User and critic reviews are a major factor when it comes to players purchasing video games. It signifies consumer trust with a certain game. Initial reviews can deeply affect the sales of a game and the reputation of the developer, for better or worse.
At the 2008 DICE summit, Activision Vice President of Marketing, Robin Kaminsky, went so far as to suggest that "For every additional five points over an 80 percent average review score [referring to Metacritic], sales may as much as double."
Unfortunately, false reviews can be used to make or break a game. By false reviews I’m referring to reviews contributed by people who haven’t played or bought the game. This practice is known as “review bombing.”
A good example of how false reviews can affect a game’s sales is Star Wars: Battlefront II.
Star Wars: Battlefront II faced a mass consumer revolt based on its loot crate practices. Many fans who have not bought or played the game, left negative reviews. However, most critics have left mostly positive reviews, with many praising its high-end graphics and single player story mode. Possibly as a direct result of the consumer revolt, sales of Star Wars Battlefront II tanked. According to Forbes, sales for Battlefront II were 882,000 in its launch month of November, which was roughly 20% of its main competitor Call of Duty WW2.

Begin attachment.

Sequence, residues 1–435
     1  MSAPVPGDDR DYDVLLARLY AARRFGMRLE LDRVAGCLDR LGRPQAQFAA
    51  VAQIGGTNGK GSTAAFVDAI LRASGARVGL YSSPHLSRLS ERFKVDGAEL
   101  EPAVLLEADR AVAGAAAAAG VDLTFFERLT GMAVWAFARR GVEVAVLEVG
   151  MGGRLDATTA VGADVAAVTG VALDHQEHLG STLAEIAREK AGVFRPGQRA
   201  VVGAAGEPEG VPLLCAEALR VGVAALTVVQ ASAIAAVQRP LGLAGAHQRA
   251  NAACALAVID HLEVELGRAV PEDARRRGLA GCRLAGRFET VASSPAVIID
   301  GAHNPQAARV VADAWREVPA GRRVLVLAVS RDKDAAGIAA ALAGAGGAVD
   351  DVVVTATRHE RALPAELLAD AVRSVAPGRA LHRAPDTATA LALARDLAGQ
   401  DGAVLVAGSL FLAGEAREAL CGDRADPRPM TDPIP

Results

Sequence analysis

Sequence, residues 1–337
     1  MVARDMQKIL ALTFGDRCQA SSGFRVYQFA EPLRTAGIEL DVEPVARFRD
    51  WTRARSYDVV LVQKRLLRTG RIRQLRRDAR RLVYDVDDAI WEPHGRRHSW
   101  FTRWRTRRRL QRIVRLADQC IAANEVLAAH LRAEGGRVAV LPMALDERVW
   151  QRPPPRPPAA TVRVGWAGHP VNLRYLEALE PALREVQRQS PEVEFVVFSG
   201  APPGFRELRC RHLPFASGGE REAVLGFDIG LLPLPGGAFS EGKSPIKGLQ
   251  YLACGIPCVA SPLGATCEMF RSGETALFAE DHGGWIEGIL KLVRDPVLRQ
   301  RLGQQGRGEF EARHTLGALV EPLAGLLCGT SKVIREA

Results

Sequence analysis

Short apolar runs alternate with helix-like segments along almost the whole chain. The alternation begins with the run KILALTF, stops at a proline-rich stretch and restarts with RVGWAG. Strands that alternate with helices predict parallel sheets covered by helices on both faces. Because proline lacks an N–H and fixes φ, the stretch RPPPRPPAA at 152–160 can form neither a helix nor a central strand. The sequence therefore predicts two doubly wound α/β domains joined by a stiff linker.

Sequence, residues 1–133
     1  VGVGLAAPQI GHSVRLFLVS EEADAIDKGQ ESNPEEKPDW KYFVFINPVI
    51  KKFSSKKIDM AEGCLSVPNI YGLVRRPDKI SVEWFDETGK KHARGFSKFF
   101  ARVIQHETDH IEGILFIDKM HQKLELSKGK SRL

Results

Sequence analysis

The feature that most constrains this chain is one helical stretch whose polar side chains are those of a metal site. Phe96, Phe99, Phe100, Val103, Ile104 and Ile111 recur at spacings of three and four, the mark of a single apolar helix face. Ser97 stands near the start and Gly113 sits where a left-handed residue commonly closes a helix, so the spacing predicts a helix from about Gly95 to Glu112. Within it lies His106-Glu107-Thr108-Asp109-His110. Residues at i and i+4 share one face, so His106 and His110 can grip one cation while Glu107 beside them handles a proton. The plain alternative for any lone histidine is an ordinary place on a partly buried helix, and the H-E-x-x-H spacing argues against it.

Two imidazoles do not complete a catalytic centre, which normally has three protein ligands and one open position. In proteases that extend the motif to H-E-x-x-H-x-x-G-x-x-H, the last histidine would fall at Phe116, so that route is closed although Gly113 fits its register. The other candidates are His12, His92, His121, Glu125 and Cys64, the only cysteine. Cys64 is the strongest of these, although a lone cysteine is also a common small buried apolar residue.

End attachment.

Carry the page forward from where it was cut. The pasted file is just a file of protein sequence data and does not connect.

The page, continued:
Many have speculated that blockchain technology could be implemented in the world of voting. Seeing that nearly every major election receives accusations of vote tampering and/or manipulation, blockchain can provide much needed transparency to the process.
By using blockchain technology, voting could be easy, secure, and at the same time more transparent and open source.
Cryptography can protect each vote against tampering from end to end, keeping votes anonymous and immutable though tamper-evident on the blockchain ledger. There are already several companies dealing in developing blockchain based voting solutions, the most notable of them being Follow My Vote.
A system such as this is being considered in Game Protocol’s Game Store. Should it be implemented, our game store would not only be decentralized and ranked by reviews, but game reviews will be tamper proof and verifiably fair. This would offer developers a fair and evenly balanced playing field where game quality is all that truly matters.